joel says: @ semitone
      Johnson is so patriotic he turned up drunk on Remembrance Day and laid his wreath upside down. Fortunately the Beeb went full Stalinist and showed a clip from the 2016 ceremony instead.

  • 16 December 2019 at 3:04pm
    M Smith says:
    Having a leader other than Jeremy Corbyn might have helped....

  • 16 December 2019 at 3:13pm
    XopherO says:
    Goodness,so much disagreement, so much anger! What has not been mentioned is that the Blairites were determined to cause Corbyn to fail, Labour to lose, so they can try to regain control. Hodge was/is disgraceful. Blair said he wanted a hung parliament, well that was the only possible positive result since the SNP swiped Labour's seats in Scotland. What of course he really meant was he wanted Corbyn (and the Party) to lose. I agree with some of what FoolCount has argued. My cousin is a Party member and way back I told her the best bet was to back the May deal. A second referendum would have been even more poisonous and toxic than the first with no prospect of a truly definitive Remain. The May deal was better for both parts of Ireland, and for protecting workers rights than the Johnson deal, which itself was proposed by the EU to May as an alternative to the temporary backstop, and rejected outright, particularly by the DUP. - a permanent border down the Irish Sea, never! Ho Ho.The next election would have been 2022 with time for Labour to truly exploit the resulting Tory car crash. As it is, it is the worst of everything for everyone in the UK except of course the rich and greedy, and the USA. Trump wants to replace the current UK trade surplus with a USA trade surplus. Whatever the ins and outs of the detail, that simply can never be good for UK employment, the NHS, food and agriculture. But it will happen.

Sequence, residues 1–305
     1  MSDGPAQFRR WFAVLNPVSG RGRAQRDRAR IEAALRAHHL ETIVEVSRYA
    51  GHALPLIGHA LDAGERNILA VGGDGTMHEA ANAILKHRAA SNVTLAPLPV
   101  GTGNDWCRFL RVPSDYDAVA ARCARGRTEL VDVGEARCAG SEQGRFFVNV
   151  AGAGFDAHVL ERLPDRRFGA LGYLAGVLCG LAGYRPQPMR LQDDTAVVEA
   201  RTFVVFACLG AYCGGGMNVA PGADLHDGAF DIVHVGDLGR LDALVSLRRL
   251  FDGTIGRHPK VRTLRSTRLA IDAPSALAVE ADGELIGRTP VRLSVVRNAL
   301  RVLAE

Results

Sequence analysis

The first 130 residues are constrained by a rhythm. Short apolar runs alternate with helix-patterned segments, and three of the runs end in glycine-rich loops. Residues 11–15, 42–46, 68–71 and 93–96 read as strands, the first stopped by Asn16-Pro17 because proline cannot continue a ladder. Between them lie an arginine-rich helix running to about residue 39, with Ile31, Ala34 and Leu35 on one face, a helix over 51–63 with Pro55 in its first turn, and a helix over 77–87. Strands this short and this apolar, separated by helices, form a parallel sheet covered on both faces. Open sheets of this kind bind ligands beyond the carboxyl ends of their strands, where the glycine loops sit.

• 16 December 2019 at 6:04pm
    Jack Watkins says: